David Bell VC did not take part in the Zulu War. But was photographed with some of the RD Defenders who were awarded the VC
"David Bell VC (1845 – 7 March 1920) was born County Down, Ireland (exact date of birth is unknown). Bell was a recipient of the Victoria Cross, the highest and most prestigious award for gallantry in the face of the enemy that can be awarded to British and Commonwealth forces.
He was approximately 22 years old, and a private in the 2nd Battalion, 24th Regiment of Foot (later The South Wales Borderers), British Army during the Andaman Islands Expedition when the following deed took place for which he was awarded the VC.
On 7 May 1867 at the island of Little Andaman, eastern India, in the Bay of Bengal, Private Bell was one of a party of five (the others being James Cooper, Campbell Mellis Douglas, William Griffiths and Thomas Murphy) of the 2/24th Regiment, who risked their lives in manning a boat and proceeding through dangerous surf to rescue some of their comrades who had been sent to the island to find out the fate of the commander and seven of the crew, who had landed from the ship Assam Valley and were feared murdered by the cannibalistic islanders.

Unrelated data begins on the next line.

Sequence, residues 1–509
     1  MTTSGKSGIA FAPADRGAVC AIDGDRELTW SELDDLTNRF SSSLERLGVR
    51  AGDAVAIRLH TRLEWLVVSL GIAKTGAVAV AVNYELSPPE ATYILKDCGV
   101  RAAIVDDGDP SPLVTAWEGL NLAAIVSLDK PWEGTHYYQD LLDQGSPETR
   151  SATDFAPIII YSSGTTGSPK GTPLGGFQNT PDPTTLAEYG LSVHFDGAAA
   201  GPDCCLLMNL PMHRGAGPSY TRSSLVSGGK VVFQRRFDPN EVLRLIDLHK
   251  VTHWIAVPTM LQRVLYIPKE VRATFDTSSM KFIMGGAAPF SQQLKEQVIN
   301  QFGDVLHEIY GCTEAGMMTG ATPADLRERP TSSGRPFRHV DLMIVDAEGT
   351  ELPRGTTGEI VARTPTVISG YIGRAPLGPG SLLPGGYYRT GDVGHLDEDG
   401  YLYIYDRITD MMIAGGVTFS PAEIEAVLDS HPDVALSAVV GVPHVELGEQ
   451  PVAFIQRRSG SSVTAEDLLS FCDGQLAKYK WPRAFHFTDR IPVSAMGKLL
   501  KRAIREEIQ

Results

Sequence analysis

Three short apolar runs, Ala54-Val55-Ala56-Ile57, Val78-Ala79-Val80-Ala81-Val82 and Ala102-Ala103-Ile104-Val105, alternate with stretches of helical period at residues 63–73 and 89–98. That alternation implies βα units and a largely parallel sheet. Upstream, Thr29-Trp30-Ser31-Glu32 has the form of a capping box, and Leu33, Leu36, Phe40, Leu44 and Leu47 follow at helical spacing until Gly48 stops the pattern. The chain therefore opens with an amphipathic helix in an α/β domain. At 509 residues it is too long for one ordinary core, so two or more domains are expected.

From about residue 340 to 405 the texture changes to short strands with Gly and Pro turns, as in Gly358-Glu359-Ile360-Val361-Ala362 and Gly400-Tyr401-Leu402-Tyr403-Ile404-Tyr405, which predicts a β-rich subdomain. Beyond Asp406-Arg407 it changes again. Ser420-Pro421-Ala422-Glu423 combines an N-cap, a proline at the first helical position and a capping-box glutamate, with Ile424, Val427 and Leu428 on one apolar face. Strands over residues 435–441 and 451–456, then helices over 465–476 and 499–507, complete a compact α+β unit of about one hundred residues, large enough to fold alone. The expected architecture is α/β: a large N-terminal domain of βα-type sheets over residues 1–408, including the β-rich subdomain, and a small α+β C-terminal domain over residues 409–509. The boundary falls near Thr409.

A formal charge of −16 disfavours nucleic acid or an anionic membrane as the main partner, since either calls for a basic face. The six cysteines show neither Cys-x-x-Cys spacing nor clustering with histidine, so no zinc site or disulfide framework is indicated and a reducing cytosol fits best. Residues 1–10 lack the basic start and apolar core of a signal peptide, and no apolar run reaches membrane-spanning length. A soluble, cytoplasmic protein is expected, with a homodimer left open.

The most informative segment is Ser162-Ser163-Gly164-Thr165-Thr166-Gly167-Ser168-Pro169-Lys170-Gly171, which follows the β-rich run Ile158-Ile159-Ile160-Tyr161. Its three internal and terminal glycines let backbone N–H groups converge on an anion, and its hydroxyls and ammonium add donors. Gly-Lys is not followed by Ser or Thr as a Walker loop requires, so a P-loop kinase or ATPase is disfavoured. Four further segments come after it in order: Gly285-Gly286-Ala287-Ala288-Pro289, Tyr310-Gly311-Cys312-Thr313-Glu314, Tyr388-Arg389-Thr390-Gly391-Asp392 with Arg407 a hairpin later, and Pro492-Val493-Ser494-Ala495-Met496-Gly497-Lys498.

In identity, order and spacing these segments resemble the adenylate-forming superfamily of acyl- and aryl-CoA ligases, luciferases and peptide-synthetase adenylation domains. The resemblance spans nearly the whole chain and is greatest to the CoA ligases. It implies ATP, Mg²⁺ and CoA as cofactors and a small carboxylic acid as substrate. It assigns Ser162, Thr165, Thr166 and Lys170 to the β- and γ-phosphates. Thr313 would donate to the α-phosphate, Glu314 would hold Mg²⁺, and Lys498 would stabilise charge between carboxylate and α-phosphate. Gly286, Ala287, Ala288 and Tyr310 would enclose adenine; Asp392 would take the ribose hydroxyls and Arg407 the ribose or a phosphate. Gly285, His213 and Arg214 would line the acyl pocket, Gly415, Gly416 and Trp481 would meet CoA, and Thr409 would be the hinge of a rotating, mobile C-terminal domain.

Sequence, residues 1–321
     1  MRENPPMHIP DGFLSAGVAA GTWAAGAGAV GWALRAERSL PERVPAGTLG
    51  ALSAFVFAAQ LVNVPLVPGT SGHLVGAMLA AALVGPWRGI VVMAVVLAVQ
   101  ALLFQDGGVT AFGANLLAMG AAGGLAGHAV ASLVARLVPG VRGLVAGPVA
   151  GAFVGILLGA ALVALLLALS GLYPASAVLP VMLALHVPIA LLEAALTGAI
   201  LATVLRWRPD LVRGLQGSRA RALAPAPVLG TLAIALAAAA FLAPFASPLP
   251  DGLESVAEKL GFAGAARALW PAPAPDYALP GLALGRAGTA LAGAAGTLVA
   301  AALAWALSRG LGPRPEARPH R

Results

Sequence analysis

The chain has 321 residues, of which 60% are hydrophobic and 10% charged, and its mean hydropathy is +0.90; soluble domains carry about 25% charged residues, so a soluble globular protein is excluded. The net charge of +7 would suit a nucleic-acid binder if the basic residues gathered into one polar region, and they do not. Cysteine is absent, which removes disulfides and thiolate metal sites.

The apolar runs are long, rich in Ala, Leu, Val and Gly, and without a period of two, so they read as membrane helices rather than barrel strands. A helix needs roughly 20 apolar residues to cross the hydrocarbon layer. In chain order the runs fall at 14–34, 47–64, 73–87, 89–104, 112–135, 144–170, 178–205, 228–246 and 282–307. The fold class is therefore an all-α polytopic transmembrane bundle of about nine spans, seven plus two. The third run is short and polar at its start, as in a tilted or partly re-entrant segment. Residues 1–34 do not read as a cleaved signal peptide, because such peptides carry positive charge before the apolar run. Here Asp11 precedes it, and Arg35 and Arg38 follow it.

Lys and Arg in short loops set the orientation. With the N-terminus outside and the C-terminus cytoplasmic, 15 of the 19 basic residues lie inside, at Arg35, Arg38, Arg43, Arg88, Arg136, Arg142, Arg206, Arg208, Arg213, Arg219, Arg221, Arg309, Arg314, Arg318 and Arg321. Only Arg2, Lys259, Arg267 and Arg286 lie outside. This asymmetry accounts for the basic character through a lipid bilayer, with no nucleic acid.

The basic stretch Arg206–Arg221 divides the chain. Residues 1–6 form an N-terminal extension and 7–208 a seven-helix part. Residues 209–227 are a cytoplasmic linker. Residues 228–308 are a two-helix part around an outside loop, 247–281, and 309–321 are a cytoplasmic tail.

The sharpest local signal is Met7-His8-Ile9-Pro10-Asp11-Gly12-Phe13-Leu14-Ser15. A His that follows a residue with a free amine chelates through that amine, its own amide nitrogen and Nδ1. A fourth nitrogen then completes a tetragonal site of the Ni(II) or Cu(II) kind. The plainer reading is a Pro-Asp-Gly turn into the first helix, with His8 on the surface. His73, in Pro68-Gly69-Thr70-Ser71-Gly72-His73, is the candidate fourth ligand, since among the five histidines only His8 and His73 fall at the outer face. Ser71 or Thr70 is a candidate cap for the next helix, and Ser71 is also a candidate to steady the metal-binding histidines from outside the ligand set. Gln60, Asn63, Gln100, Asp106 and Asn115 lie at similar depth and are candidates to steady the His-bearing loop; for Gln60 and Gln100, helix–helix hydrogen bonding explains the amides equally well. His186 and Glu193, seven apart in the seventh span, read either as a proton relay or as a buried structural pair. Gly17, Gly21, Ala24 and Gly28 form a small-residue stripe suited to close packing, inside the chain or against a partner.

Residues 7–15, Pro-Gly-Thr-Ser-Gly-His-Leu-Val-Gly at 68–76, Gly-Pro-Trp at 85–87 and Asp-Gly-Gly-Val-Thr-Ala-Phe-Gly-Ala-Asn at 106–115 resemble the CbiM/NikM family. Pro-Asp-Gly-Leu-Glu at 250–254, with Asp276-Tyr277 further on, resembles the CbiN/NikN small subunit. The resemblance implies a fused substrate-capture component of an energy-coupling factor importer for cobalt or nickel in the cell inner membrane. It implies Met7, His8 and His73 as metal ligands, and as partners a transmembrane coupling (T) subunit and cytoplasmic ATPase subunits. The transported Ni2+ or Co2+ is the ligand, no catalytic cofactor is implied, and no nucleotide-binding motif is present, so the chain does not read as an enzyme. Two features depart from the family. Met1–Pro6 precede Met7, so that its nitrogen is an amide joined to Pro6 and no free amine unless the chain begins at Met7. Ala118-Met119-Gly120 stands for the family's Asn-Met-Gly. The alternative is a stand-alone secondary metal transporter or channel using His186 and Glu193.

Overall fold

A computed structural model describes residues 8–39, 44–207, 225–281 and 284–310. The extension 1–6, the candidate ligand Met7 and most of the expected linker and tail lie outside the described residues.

The VC was not awarded for bravery in action against the enemy, but for bravery at sea in saving life in storm off Andaman Islands. He later achieved the rank of sergeant, and died Gillingham, Kent, 7 March 1920.
His Victoria Cross is displayed at the South Wales Borderers Museum in Brecon, Powys, Wales."